(Peter A. Van Bergen*) 1 year Dem.-Rep. died on August 30, 1804, before the Legislature met
Abraham Adriance* 2 years Dem.-Rep.
James Burt* 2 years Dem.-Rep./Burrite
Joshua H. Brett* 3 years Dem.-Rep. elected to the Council of Appointment
Robert Johnston* 3 years Dem.-Rep.
Samuel Brewster 4 years Dem.-Rep.
Stephen Hogeboom 4 years Dem.-Rep.
Eastern Jacobus Van Schoonhoven* 1 year Federalist
Abraham Van Vechten* 1 year Federalist also Recorder of the City of Albany
Simon Veeder* 1 year Dem.-Rep.
Jacob Snell* 2 years Dem.-Rep.
Edward Savage* 3 years Dem.-Rep.
John Tayler* 3 years Dem.-Rep.
Thomas Tredwell* 3 years Dem.-Rep.
John Woodworth* 3 years Dem.-Rep. also New York Attorney General
Stephen Thorn* 4 years Dem.-Rep. elected to the Council of Appointment
Western Lemuel Chipman* 1 year Federalist
Isaac Foote* 1 year Federalist
Joseph Annin* 2 years Dem.-Rep./Burrite
Asa Danforth* 2 years Dem.-Rep.
Matthias B. Tallmadge* 2 years Dem.-Rep. vacated his seat on June 12, 1805, upon appointment to the
United States District Court for the District of New York
George Tiffany* 2 years Dem.-Rep.
Caleb Hyde* 3 years Dem.-Rep.
Henry Huntington 4 years Dem.-Rep.
Jedediah Peck* 4 years Dem.-Rep. elected to the Council of Appointment


State Assembly[edit]


Note: There are now 62 counties in the State of New York. The counties which are not mentioned in this list had not yet been established, or sufficiently organized, the area being included in one or more of the abovementioned counties.


The asterisk (*) denotes members of the previous Legislature who continued as members of this Legislature.

District Assemblymen Party Notes
Albany David Burhans Federalist
Adam Dietz Jr. Federalist
Stephen Lush Federalist
Nicholas V. Mynderse Federalist
Joseph Shurtleff Federalist
Moses Smith* Federalist
Cayuga John Grover Jr. Dem.-Rep.
Amos Rathbun* Dem.-Rep.
Chenango Peter Betts
Obadiah German* Dem.-Rep. Majority Leader[4]
Samuel Payne
Luther Waterman
Clinton Benjamin Mooers* Dem.-Rep.
Columbia Moncrief Livingston Federalist
Peter Silvester Federalist
William W. Van Ness Federalist Minority Leader[5]
Jason Warner Federalist
Delaware Adam I. Doll Federalist
Anthony Marvine Federalist
Dutchess Job Crawford Dem.-Rep.
Isaac Hunting Dem.-Rep.
John Patterson Dem.-Rep.
Abraham H. Schenck Dem.-Rep.
Isaac Sherwood Dem.-Rep.
John Van Benthuysen Dem.-Rep.
John M. Thurston Dem.-Rep.
Essex Theodorus Ross* Dem.-Rep.
and Ontario
Amos Hall*
Daniel W. Lewis Federalist
Alexander Rea Dem.-Rep.
Greene Patrick Hamilton
Daniel Sayre
Herkimer Evans Wharry* Dem.-Rep.
George Widrig* Dem.-Rep.
Samuel Wright* Dem.-Rep.
Kings John Hicks* Dem.-Rep.
Montgomery Jonathan Hallett Dem.-Rep.
James McIntyre Dem.-Rep.
John Seeber Dem.-Rep.
Alexander Sheldon* Dem.-Rep. elected Speaker
David J. Zeilly* Dem.-Rep.
New York Philip I. Arcularius Dem.-Rep.
John Bingham Dem.-Rep.
George Clinton, Jr.* Dem.-Rep. elected in a special election to the 8th United States Congress, and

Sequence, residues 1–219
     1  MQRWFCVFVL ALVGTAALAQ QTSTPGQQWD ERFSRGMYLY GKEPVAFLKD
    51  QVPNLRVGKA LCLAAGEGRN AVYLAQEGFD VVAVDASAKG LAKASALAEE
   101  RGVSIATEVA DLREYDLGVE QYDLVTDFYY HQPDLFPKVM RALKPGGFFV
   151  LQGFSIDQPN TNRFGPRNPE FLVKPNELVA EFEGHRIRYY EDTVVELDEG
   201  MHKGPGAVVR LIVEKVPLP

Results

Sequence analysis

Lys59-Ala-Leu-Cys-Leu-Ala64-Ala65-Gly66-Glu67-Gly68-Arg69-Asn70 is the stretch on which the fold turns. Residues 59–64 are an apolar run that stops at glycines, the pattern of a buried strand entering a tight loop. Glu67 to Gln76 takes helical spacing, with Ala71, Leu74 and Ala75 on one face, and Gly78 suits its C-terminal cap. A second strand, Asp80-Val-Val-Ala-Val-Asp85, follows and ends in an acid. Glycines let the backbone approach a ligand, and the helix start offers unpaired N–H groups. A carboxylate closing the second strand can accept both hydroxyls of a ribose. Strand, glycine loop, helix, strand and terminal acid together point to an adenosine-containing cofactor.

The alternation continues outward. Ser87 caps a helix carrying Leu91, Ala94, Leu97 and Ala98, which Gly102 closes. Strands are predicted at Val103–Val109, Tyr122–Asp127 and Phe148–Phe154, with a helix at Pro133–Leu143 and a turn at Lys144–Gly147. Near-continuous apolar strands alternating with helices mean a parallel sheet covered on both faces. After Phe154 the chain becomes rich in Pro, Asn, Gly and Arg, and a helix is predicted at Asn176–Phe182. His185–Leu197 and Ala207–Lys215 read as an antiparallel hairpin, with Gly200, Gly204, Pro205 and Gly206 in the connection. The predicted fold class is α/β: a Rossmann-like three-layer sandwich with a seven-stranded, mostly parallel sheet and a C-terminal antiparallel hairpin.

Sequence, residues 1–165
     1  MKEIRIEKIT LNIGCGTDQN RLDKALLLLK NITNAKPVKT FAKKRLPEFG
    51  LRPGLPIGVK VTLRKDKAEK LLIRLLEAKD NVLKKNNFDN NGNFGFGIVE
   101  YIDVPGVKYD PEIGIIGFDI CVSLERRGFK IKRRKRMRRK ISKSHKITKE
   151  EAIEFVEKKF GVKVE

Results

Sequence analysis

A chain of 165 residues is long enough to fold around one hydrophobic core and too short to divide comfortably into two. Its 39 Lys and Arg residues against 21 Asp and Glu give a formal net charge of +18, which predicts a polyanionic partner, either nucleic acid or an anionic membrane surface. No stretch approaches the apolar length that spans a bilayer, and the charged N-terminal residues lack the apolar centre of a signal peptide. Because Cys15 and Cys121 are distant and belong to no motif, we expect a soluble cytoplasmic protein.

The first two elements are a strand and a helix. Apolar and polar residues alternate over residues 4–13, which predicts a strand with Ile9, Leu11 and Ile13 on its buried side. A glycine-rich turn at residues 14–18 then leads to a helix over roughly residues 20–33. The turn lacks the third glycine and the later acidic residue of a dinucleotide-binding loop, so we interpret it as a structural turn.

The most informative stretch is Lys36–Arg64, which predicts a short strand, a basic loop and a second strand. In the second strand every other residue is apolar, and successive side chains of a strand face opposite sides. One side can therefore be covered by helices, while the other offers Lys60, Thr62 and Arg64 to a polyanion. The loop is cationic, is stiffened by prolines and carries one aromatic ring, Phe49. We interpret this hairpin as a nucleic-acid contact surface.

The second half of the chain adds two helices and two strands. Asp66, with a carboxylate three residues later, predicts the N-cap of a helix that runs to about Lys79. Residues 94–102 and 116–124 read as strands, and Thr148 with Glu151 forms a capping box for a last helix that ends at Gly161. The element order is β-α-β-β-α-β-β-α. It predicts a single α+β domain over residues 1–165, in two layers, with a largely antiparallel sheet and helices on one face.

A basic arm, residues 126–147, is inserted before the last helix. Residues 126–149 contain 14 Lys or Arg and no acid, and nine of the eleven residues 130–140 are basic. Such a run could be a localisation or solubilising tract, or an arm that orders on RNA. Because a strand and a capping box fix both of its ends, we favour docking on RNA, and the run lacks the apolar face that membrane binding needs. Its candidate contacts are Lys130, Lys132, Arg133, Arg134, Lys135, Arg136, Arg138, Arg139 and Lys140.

took his seat on February 14, 1805, vacating his seat in the Assembly
Thomas Farmar Dem.-Rep.
William Few* Dem.-Rep.
William W. Gilbert Dem.-Rep.
Henry Rutgers* Dem.-Rep.
Peter A. Schenck*
Solomon Townsend*
Oneida George Brayton Dem.-Rep.
Joseph Jennings
Joseph Kirkland* Federalist
Benjamin Wright Benjamin Wright and Walter Martin received an equal number
of votes, which meant "no choice", but Wright was seated by
a resolution of the Assembly on November 7, 1804
Onondaga John Ballard Dem.-Rep.
William I. Vredenbergh Dem.-Rep.
Orange John Barber
Joshua Brown*
John Hathorn Dem.-Rep.
John Tuthill
Otsego Gurdon Huntington Dem.-Rep.
William Lathrop
Luke Metcalfe
Humphrey Palmer
Queens Stephen Carman* Federalist
Benjamin Coe Federalist
Henry O. Seaman Dem.-Rep.
Rensselaer Jonathan Burr Dem.-Rep.
James L. Hogeboom Dem.-Rep. from March 19, 1805, also First Judge of the Rensselaer County Court
Nehemiah King Dem.-Rep.
Asa Mann* Dem.-Rep.
John Ryan Dem.-Rep.
Richmond John Dunn Federalist
Rockland John Cole
Saratoga William Carpenter
Samuel Clark
Asahel Porter Federalist
David Rogers Dem.-Rep.
Schoharie Henry Becker* Dem.-Rep.
Freegift Patchin* Dem.-Rep.
Seneca John Sayre
Steuben John Wilson Dem.-Rep.
Suffolk Israel Carll* Dem.-Rep.
Jonathan Dayton Dem.-Rep.
Jared Landon Dem.-Rep.
Tioga John Miller Dem.-Rep.
Ulster Lucas Elmendorf* Dem.-Rep.
Henry Reynolds Dem.-Rep.
James Ross* Dem.-Rep.
Selah Tuthill Dem.-Rep.
Washington Isaac Harlow
Jason Kellogg Dem.-Rep.
William Livingston*
John McLean* Dem.-Rep.
Solomon Smith
James Starbuck
Westchester Abijah Gilbert* Dem.-Rep.
Abraham Odell* Dem.-Rep.
Caleb Tompkins Dem.-Rep.
Joseph Travis* Dem.-Rep.


  • Clerk: Solomon Southwick
  • Sergeant-at-Arms: Benjamin Haight
  • Doorkeeper: Benjamin Whipple


  1. ^ The Anti-Federalists called themselves "Republicans." However, at the same time, the Federalists called them "Democrats" which was meant to be pejorative. After some time both terms got more and more confused, and sometimes used together as "Democratic Republicans" which later historians have adopted (with a hyphen) to describe the party from the beginning, to avoid confusion with both the later established and still existing Democratic and Republican parties.
  2. ^ The Civil List mentions only 18 names, it is unclear who was also elected, since New York had 19 votes in the electoral college.
  3. ^ see Hammond, pg. 219f
  4. ^ see Hammond, pg. 218
  5. ^ see Hammond, pg. 217